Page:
Behaviour Therapy in action

At the first ever Behaviour Therapy week at Ontario Shores Centre for Mental Health Sciences (Ontario Shores), the team of behavioural therapists from across the hospital showcased how they used ABA techniques in their areas of specialty.

Kelsey Bond, Jodi Brooker, Shawn Carter, Joanna Holley and Andrea Penhale all gave spirited reports to the packed room for the Grand Rounds presentation.  ABA or Applied Behaviour Analysis is the systematic application of principles to change socially significant behaviour to a meaningful degree.   The behaviour identified for change or to be adapted should be objective, observable and measurable.

The most common functions of behaviour were identified as either to get attention, to get a tangible result, escape a situation or for sensory reinforcement.   For example, the behaviour of clicking a pen on and off while having a conversation could be done to either get the listener’s attention,  to wake up a sleeping student, escape from a boring conversation or provide sensory relief from liking the way the pen feels.

In order for the team to start the ABA process of changing behaviour, they first need a base measurement of the action.  This is usually received through indirect assessment, talking with the persons and or family members; and direct assessment, where the behaviour is observed and the frequency, duration and rate are closely monitored.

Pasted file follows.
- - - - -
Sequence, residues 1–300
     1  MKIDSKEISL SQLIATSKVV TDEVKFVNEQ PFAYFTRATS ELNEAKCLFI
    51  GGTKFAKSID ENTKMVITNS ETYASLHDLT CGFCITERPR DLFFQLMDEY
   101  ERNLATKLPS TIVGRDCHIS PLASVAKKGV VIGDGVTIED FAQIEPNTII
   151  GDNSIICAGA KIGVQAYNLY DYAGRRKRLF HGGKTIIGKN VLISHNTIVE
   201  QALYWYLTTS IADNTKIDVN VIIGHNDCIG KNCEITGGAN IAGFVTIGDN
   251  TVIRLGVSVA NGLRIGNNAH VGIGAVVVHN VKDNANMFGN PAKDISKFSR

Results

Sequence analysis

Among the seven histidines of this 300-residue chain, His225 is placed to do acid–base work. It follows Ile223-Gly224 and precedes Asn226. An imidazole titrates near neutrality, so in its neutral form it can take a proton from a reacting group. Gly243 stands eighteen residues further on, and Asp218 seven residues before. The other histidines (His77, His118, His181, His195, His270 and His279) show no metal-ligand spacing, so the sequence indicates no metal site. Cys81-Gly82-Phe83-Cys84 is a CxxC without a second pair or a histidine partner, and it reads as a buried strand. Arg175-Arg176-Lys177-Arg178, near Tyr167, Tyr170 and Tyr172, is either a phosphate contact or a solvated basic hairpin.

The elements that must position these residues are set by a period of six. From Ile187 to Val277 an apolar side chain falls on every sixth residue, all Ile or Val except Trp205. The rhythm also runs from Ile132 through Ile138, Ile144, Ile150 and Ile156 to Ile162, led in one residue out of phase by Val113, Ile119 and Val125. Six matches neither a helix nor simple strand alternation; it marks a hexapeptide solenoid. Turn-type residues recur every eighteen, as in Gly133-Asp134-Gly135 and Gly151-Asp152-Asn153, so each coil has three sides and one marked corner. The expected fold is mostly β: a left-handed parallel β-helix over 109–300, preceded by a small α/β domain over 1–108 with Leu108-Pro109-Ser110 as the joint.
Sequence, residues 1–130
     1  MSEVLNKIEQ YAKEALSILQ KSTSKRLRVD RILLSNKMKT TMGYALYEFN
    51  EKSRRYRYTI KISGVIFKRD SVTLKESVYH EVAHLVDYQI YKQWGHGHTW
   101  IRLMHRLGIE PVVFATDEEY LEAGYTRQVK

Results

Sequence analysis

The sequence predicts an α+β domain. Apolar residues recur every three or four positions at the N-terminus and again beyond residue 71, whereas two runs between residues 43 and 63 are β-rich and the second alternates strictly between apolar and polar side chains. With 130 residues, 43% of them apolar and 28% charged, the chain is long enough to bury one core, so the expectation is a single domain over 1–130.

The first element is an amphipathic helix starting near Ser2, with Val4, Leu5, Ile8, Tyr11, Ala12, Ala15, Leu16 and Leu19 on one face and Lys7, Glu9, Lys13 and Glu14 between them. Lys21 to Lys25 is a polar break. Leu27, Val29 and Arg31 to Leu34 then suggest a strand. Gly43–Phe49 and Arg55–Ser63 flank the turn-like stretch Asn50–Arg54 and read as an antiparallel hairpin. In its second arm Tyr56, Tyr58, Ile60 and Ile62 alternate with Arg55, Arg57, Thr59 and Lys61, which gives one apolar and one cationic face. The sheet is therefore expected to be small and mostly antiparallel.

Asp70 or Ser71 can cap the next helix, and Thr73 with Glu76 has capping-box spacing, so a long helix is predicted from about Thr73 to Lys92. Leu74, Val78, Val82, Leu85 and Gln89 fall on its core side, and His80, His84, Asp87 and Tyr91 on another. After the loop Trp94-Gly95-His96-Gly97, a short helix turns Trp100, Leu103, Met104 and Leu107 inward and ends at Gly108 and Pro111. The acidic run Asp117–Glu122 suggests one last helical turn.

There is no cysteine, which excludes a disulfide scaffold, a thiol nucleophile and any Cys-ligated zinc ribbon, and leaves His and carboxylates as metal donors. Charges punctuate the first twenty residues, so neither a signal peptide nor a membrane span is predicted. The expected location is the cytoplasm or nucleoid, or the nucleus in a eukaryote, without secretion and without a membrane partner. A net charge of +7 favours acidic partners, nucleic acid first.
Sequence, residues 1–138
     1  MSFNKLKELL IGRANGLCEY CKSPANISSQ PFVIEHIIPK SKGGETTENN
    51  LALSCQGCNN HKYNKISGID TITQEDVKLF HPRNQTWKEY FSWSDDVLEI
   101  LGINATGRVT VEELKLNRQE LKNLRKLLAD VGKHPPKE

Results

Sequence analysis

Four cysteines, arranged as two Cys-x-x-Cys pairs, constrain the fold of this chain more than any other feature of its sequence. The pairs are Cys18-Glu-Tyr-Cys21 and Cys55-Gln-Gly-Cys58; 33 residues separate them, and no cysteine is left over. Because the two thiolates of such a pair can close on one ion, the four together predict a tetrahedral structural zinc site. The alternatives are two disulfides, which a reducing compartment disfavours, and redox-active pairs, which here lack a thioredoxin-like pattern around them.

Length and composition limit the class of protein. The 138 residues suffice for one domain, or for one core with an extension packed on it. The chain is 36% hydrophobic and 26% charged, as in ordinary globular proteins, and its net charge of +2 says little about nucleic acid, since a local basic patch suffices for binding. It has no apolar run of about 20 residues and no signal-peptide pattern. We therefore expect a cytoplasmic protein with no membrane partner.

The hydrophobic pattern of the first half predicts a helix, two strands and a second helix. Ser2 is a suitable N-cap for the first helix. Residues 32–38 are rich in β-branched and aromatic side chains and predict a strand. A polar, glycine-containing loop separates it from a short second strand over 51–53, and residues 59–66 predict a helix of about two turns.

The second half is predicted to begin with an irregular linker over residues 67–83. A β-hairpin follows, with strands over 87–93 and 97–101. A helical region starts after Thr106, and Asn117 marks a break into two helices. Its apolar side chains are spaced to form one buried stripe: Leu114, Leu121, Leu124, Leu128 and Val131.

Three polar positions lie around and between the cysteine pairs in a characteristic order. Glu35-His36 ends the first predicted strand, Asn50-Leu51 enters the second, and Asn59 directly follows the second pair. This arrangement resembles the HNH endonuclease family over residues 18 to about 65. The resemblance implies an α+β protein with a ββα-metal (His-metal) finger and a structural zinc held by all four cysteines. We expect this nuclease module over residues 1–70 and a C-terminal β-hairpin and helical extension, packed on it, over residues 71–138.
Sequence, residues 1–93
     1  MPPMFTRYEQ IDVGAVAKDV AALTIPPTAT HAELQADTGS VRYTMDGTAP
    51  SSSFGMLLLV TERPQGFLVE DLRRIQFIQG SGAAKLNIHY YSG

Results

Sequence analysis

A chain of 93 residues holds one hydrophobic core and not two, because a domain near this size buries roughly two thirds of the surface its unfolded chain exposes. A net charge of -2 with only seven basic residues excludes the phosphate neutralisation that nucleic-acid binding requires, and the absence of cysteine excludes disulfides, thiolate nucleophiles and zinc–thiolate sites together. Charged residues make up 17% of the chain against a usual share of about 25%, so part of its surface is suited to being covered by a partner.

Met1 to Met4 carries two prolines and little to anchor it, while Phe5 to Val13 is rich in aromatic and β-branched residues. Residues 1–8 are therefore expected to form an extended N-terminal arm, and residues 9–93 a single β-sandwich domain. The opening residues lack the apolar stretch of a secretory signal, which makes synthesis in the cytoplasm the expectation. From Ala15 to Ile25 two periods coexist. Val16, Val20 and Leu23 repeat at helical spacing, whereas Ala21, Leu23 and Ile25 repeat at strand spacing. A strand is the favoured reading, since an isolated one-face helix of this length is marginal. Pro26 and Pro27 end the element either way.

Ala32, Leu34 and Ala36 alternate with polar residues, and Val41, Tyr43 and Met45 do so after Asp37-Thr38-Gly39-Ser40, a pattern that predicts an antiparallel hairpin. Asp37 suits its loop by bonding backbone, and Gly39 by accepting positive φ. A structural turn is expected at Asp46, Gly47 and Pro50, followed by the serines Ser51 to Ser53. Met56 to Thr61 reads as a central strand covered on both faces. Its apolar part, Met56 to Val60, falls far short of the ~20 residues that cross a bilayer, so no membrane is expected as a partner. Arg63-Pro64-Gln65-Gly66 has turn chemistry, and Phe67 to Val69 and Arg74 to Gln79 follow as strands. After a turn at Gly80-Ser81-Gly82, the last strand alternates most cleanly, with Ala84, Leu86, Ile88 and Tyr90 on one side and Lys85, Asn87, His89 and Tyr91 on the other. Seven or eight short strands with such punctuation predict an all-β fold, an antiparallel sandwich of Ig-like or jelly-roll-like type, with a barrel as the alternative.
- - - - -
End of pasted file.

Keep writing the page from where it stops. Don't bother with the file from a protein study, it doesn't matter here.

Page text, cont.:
ABA strategies are often used in the Neuropsychiatry services such as patients with Huntington’s disease and acquired brain injuries, to change behaviour such as agitation, aggression and resistance to care.  Strategies used include establishing and promoting routines, removing triggers, developing personalized schedules and creating prompting methods.

In the case of Autism, ABA strategies are often used to assist in communication and helping the patient function in a setting where social skills are a necessity.  In this case, visual cues are often used.

There are also behaviour therapists who work with the community to provide outpatient care, as well as work with long term care facilities to develop person-centred behavioural interventions and promote behavioural health.

In behaviour therapy, improvements will not happen immediately and some inappropriate behaviors may never go completely away.  Every effort is made to reduce these negative behaviours or adopt positive ones.

All persons involved in the care of someone with behavioural issues can assist by helping with data collection, reinforcement and consistency.